Tag Archives: Soyuz-U

Last Soyuz-U launches Progress to ISS

Russia today successfully launched a Progress freighter to ISS using its last Soyuz-U rocket.

The Soyuz-U has been launched hundreds of times since the 1970s, but has been replaced by Russia because it uses equipment made in Ukraine. The newer versions of the Soyuz rockets are completely home-built, but also have been plagued by quality control problems and corruption within Russia.

Posted in the air of the Gulf of Mexico in route to Belize.

Update on Progress/Soyuz launch failure

Link here It appears that the spacecraft separated from the upper stage while it was still firing, causing that stage to next collide with the spacecraft.

What is certain is that computers on Progress MS-04 interpreted the separation as nominal and initiated a sequence, which would be normally performed upon reaching orbit, including the deployment of the ship’s antennas and the preparation of the attitude control thrusters, DPO, for action. However, moments after the separation, the spacecraft appeared to be struck twice by the rocket stage, which clearly continued its powered flight. The first impact came nearly straight into the aft bulkhead of the ship, then the second hit landed moments later into the side of the vehicle.

The collision apparently caused the spacecraft’s propulsion system, SKD, to shift to the side from its normal position, the temperature inside its enclosure to plummet and the whole vehicle to tumble. The telemetry from the Progress also indicated the activation of its thermal control system, probably in response to a breach in the ship’s transfer compartment.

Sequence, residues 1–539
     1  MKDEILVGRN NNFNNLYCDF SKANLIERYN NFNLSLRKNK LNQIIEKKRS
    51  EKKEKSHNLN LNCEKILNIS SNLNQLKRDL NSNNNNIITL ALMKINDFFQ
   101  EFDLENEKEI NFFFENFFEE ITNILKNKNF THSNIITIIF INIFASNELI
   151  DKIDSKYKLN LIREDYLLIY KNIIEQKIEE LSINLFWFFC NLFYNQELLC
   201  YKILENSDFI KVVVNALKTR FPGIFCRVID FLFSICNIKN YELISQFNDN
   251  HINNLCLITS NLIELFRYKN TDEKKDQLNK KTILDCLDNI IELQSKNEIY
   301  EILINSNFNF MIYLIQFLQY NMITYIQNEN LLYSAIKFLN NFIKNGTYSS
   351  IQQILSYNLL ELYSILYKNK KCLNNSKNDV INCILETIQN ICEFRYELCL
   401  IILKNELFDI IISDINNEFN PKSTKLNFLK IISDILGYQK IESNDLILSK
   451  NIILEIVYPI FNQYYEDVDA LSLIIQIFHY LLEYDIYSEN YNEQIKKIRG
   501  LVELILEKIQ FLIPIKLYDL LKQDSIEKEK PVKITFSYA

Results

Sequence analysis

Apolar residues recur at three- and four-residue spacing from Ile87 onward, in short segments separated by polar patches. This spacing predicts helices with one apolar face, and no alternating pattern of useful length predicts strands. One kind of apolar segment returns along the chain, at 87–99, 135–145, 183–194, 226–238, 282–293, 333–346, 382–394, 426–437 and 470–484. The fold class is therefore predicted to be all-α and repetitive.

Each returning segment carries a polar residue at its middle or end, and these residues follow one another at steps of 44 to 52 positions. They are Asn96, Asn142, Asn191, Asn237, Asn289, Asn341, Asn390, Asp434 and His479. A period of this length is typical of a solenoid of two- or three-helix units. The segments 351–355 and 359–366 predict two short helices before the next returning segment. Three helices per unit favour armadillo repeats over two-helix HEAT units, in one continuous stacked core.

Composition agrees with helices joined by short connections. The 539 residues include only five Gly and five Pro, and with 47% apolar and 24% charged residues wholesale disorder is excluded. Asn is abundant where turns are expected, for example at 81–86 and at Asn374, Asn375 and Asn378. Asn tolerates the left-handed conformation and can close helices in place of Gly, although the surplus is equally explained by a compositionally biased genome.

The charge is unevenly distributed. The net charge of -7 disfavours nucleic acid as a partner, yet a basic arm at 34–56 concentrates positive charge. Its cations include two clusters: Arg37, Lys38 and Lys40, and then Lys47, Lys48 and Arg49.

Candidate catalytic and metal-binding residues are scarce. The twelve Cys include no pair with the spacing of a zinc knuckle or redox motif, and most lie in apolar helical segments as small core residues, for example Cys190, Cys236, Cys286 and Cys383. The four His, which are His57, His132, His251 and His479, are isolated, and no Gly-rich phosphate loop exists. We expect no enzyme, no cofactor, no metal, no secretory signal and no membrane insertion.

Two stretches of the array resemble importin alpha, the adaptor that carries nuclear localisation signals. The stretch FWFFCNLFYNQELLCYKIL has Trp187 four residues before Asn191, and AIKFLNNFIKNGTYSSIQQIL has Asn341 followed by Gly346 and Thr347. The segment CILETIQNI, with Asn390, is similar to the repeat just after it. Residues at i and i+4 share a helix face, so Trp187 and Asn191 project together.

Why separation occurred prematurely, while the engines were firing, still remains a mystery.

Dispute in Russia over Progress failure investigation

The Russian mission control has publicly disavowed a report that cited mission control as saying that the failure of the Soyuz/Progress launch last week was due to the premature shutdown of the Soyuz rocket’s third stage.

First the source:

A source in the space and rocket industry told TASS that the emergency shutdown of the engines occurred after 382 seconds and at the same time the spacecraft’s separation occurred. After that, the flight control system started operating in automatic flight mode and began deploying antennas and solar batteries. However, the spacecraft failed to reach orbit and started falling and ended up being destroyed in the atmosphere.

Next the disavowal:

”Any version which are now being voiced by the media have nothing to do with reality, including the incorrect cyclogram data. The results of the commission’s work will be announced no earlier than December 20,” a spokesperson told RIA Novosti.

I must admit that the source’s suggested cause for the failure, that the rocket engine shut prematurely and the spacecraft then simply separated and began its deployment before it had reached orbital velocity and thus fell back to Earth, sounds good at first glance. However, this explanation does not explain why all communications with the spacecraft suddenly ceased.

Either way, it does appear that there is an effort within Roscosmos to spin the events in the press, prior to the completion of the investigation. This in itself is not a good sign, as it suggests that there are people there who are trying to cover their asses rather than honestly trying to find out the cause of the failure.

Russian authorities locate Progress debris

Russian authorities in Siberia have located and identified several bits of wreckage from the Soyuz-U rocket and Progress freighter that failed to reach orbit last week.